Invisible Urban Charging’s Partnership With CBRE Shows the Future Is Electric
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EV CHARGING

Invisible Urban Charging’s Partnership With CBRE Shows the Future Is Electric

  • Charging-as-a-service firm Invisible Urban Charging and real estate services firm CBRE have partnered to add 1 million EV chargers.
  • Demand for adding EV chargers to commercial buildings is growing fast.
  • Real estate services firms have added entire divisions specializing in end-to-end help adding EV infrastructure to commercial real estate.

Demand for electric vehicles is waning, right? Tell that to the more than 30,000 commercial real estate sites looking to have EV chargers installed in a database maintained by real estate services firm CBRE Group.


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Commercial real estate is planning for a future with a growing EV market, and having EV chargers adds value to a commercial property, real estate developers figure. Advising those developers is a growing business line for CBRE, and it sees that the future is electric.

“You hear about a slowdown in EV sales,” Jim Hurless, CBRE’s Global Real Estate Leader, Electric Vehicle Infrastructure, told Electrify News in an interview. “Well, regardless, alternative fuels and low carbon fuels are the future, and it is going to happen.”


Invisible Urban Charging and Charging as a Service

Image care of Daniel Andraski on Pexels

The addition of EV chargers to commercial real estate is happening in a big way, and nothing illustrates that more clearly than Invisible Urban Charging’s announcement that it will partner with CBRE to add 1 million EV chargers over the next five years.

In the partnership, CBRE will provide site selection (remember that 30,000+ sites database?), installation, and ongoing maintenance. Invisible Urban Charging (IUC) will provide the all-important funding and select the charging hardware provider. Its app provides real-time info on charger status and usage.

“We only work with high quality hardware; it is not in our interest to roll out cheap hardware,” IUC co-founder and CEO Nigel Broomhall told Electrify News in an interview.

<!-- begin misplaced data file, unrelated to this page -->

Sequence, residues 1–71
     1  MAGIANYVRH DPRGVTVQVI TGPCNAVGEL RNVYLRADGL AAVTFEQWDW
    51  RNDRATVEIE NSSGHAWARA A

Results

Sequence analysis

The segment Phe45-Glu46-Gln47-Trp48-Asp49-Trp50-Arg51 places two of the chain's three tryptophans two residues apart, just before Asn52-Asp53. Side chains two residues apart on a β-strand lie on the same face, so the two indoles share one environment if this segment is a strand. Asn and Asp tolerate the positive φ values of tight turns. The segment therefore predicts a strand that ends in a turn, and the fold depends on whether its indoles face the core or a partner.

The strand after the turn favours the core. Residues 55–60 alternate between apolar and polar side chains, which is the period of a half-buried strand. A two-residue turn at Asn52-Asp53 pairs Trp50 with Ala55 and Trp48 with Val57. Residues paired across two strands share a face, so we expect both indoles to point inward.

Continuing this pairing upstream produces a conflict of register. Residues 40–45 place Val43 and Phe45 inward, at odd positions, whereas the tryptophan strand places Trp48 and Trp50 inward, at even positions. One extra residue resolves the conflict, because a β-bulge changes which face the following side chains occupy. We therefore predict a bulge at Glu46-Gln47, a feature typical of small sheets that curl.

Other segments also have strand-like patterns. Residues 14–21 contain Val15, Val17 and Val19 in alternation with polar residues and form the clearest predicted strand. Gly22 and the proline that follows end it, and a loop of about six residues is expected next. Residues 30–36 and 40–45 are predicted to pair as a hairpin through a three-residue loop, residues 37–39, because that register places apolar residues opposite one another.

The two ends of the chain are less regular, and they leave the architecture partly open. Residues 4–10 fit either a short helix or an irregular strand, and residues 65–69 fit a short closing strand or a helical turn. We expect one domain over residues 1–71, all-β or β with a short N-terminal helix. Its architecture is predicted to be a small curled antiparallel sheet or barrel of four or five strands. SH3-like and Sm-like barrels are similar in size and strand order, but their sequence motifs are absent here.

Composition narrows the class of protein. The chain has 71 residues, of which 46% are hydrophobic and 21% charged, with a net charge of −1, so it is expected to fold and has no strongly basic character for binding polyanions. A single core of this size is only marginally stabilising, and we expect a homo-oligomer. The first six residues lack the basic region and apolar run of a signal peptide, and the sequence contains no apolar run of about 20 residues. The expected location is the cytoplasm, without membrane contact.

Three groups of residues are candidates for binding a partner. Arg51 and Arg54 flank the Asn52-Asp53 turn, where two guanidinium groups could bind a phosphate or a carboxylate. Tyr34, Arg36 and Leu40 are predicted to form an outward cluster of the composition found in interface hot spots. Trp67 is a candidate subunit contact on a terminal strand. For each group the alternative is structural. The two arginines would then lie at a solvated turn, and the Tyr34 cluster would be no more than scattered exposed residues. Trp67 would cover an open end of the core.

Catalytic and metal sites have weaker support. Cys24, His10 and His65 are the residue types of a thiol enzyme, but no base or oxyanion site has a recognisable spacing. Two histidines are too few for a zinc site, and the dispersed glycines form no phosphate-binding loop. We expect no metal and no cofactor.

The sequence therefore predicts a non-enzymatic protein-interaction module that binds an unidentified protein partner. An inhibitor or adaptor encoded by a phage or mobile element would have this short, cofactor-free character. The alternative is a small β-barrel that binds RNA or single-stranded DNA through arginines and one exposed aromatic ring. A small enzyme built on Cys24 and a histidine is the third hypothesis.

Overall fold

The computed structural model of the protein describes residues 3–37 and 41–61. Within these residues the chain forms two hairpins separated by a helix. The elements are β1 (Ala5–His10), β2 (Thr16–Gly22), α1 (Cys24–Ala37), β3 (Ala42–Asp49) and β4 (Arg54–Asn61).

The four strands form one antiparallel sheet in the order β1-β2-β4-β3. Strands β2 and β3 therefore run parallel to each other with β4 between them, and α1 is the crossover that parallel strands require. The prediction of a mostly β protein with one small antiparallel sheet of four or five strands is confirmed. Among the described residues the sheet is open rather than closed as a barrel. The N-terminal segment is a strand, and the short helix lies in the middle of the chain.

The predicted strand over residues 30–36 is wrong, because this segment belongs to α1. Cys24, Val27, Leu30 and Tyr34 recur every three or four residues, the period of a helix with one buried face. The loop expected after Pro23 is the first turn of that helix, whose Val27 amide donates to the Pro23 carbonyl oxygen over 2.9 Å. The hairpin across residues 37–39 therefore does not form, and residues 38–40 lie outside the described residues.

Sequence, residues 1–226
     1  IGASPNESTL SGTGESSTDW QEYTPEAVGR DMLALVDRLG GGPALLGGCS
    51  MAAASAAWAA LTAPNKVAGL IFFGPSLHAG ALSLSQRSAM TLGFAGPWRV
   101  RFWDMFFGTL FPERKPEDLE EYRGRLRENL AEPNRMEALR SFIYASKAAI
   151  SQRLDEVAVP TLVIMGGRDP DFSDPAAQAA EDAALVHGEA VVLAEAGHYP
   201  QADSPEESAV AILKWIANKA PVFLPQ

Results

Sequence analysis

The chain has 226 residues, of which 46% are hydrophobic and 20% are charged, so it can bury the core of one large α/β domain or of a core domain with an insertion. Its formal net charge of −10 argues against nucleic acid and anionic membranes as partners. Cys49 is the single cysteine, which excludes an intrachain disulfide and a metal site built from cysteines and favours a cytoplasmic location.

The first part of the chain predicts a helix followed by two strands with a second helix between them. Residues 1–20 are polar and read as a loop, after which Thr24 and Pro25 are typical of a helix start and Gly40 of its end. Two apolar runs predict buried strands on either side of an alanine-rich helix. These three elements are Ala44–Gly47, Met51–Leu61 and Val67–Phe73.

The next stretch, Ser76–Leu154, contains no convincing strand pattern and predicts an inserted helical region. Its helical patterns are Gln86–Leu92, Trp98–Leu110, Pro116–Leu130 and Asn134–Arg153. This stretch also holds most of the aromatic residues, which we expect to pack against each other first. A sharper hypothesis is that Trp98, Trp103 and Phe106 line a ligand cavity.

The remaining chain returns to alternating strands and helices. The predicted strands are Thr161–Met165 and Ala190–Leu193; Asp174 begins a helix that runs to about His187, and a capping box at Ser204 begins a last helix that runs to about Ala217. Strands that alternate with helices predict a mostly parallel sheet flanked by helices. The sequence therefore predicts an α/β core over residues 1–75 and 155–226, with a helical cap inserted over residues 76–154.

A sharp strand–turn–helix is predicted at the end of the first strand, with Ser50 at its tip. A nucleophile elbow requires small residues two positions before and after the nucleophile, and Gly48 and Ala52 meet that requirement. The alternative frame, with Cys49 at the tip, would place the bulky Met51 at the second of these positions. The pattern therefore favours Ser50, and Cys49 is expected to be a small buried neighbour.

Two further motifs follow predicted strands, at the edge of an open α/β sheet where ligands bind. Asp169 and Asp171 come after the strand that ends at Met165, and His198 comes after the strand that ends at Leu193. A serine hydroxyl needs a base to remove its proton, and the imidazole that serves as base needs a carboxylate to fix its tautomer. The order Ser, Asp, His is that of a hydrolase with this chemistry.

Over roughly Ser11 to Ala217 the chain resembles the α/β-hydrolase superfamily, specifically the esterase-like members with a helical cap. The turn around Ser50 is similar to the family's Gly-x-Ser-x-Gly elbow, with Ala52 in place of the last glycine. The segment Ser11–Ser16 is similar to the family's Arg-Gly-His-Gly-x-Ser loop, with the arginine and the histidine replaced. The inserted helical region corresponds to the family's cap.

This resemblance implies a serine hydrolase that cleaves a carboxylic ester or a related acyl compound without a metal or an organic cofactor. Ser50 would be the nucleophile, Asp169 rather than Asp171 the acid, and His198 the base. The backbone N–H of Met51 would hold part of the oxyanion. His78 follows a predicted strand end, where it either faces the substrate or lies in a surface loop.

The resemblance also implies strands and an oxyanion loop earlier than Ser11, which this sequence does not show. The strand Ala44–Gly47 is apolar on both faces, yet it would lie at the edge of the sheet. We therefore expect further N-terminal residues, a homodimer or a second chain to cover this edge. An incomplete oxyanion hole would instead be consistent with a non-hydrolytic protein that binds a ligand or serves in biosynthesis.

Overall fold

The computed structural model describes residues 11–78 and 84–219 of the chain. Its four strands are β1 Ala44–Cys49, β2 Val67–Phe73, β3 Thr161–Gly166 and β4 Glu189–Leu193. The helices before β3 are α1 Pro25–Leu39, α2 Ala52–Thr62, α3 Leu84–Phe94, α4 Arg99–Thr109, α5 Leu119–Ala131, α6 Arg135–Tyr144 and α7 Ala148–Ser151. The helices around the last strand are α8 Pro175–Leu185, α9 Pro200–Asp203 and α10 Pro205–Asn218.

“We guarantee an uptime of 95% of total hours in a given month” during operating hours, he added.

The idea for IUC, founded in 2019, was born because corner clients in commercial buildings “are having to do more sustainability reporting,” Broomhall said. Also, “the younger generation coming through is creating a demand for adding EV chargers. They see it as important.”


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CBRE Group Drives EV Adoption

Image care of Jesse Donoghoe on Unsplash

As a small startup, albeit one that has already landed some big contracts by partnering with real estate services firms such as CBRE, IUC is “outsourcing the identification of real estate, the securing of the real estate, the project management, and the operations and maintenance,” Hurless said.

With an entire electric vehicle charging solutions division devoted to helping its commercial clients install EV charging, CBRE is doing its part to convince more consumers to buy EVs by reducing the fear of not finding charging, a major barrier to EV adoption.

“CBRE is uniquely positioned to be an integral component to drive EV adoption through identifying the right locations, installing EV infrastructure, and ensuring the equipment is operational on a global scale,” Hurless, who also spoke with Electrify News in a podcast, said. 

It helps its commercial real estate clients determine if owning the EV infrastructure themselves or working with a third-party provider such as Invisible Urban Charging is the best business model.

If CBRE determines the client is best off working with a third-party provider, it matches with the right EV infrastructure operator (most specialize in areas such as medical facilities, office buildings, multi-family housing markets, and the like) and negotiates on behalf of the third-party provider.

Business is growing “significantly,” Hurless said. CBRE is targeting revenue from the EV division of $1 billion annually after 2025.


Image care of Kindel Media on Pexels

IUC is also seeing rapid growth in demand for its services, Broomhall said. “Partners like CBRE are really pushing it to grow,” he said. It also works with real estate services firm JLL.

The automakers are also pushing for EV ownership to grow, Broomhall said. His biggest concern, he said, is that infrastructure growth is not keeping up with the demand.

It is a bit of a chicken and egg conundrum. EV demand is needed for faster infrastructure buildout, and more infrastructure is needed for EV demand to grow.

But seeing global real estate services firms like CBRE and JLL form divisions to advise clients on EV infrastructure installation is a clear sign that EVs are here to stay, and in a big way.


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FEATURE IMAGE: MICHAEL FOUSERT

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AUTHOR: 

ALYSHA WEBB

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